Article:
Once one really begins to look for the stories, they appear along every trail and byway. Sometimes they take you by surprise even when you aren’t looking. That happened last weekend here on the farthest NW corner of the contiguous 48 states while we were hiking one leg of the amazing loop trail from Lake Ozette to the the coast. We stumbled upon the remains of a homestead after meandering through the Ewok country of the Olympic National Park.
Stumbled is not a mere literary affectation. While we were hiking west, nearly to Cape Alava, a young couple told us of the homestead just off the boardwalk. On our return we looked for the small opening leading north off the main trail. It wasn’t obvious, but a narrow path did appear. Looking more like an animal trail at first, we were a little uncertain that we’d found what we sought. We had just heard a bull elk bugle off to the south making us a little jumpy about trekking too far off the trail. After a few steps, the ground showed clear signs of recent human tracks.
Expecting the “homestead” to be little more than ruins, we nearly turned back. Then, through the trees, the structure rose up like the “Shack” from novel and movie fame. Creepy and wonderful at the same time, it invited investigation so we made our way up the gentle rise to the front door. Our first thoughts were to marvel at Washington’s seemingly casual attitude toward allowing the public to explore such historic sites. No fences surrounded the one-story building and only one small sign gave us stern warning not to deface the property.
What remains of Lars Ahlstrom’s shack at the edge of the prairie is a single room with loft. History reports he had a fine house once, but it was destroyed by a fire that grew out-of-control when his friend and neighbor attempted to clear the prairie of brush. The forest is reclaiming the land, encroaching on the house walls. But it stands quite confident in itself. Such a discovery for a writer is the stuff of inspiration. My stories have been rooted in Idaho, Montana and Wyoming. Until seeing the house and since learning of the history of this area there was little to inspire my muse. This Scandinavian community thrived at the same time as the stories I’m writing. I can imagine it now.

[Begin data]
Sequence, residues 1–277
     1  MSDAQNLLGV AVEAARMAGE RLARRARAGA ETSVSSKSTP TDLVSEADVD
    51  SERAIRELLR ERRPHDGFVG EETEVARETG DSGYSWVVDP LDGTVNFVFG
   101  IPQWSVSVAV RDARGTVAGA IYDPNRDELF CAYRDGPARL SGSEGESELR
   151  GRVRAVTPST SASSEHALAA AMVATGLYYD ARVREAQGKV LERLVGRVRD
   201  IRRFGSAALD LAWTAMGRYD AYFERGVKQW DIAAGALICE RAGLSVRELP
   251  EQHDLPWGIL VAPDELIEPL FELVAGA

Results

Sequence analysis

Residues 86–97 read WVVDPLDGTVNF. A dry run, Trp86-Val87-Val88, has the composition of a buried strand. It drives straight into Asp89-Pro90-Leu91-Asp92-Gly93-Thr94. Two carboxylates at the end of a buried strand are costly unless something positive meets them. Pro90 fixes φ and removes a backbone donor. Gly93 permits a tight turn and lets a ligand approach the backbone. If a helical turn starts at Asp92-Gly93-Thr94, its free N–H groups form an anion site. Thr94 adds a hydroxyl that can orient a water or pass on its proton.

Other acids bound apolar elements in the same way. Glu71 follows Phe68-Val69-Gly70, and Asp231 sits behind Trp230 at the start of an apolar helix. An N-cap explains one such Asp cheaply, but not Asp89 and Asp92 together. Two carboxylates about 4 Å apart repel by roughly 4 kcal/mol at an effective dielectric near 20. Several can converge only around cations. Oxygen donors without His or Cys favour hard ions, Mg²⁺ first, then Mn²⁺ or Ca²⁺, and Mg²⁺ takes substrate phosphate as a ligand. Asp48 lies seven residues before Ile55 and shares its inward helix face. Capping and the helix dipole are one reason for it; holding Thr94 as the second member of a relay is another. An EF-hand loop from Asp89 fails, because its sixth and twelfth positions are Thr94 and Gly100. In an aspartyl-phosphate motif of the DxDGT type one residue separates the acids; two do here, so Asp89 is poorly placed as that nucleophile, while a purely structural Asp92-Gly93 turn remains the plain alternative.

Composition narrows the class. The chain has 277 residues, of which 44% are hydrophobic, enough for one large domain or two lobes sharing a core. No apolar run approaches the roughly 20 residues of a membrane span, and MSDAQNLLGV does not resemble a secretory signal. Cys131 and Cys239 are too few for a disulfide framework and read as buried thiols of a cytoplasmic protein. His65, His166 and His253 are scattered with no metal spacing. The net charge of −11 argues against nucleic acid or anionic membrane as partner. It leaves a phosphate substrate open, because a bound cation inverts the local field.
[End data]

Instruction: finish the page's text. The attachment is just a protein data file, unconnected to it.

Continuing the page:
And there were love stories.
Of course, there were. Faith, hope and love are interwoven into the human experience. At one time, the land surrounding Ozette was home to not only the Makah but 130 homesteaders. They thrived in relative isolation, clearing the land by burning trees and brush, growing crops and raising livestock. By the time they abandoned their dreams and left the lake community, they had constructed a church, a school, three post offices and stores. All came to an end when in 1909 President Theodore Roosevelt decreed the land should be used as part of the Mount Olympus National Monument.
But the love story? That is worthy of further research. Conflicting reports exist of the mysterious disappearance of handsome boat-builder, Alfred Nyland. The accounts of the discovery of his skeleton eleven years later agree, but the reason for his sudden departure vary. One report explains how his boat was found floating in Erikson Bay after his disappearance in April. The story proposes that he lost his way as he returned home through the woods. It’s certainly plausible when one sees the density of the forest.
The second report includes the personal tragedy of a love for a woman who rejected Alfred’s offer of marriage. Some suggest that sorrow sent him into the woods to seek consolation. Those who know the answer are forever silent. The fact that he was found, back against that tree with his hand over his chest, makes one wonder. Did he die of a broken heart as this story proposes?
Love and loss – dreams and failed expectations – hardship and courage. All are strong elements for story and character arcs. Heady stuff for a writer’s soul.
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Strong Like Wyoming
A war to win, a promise to keep, a heart to reawaken
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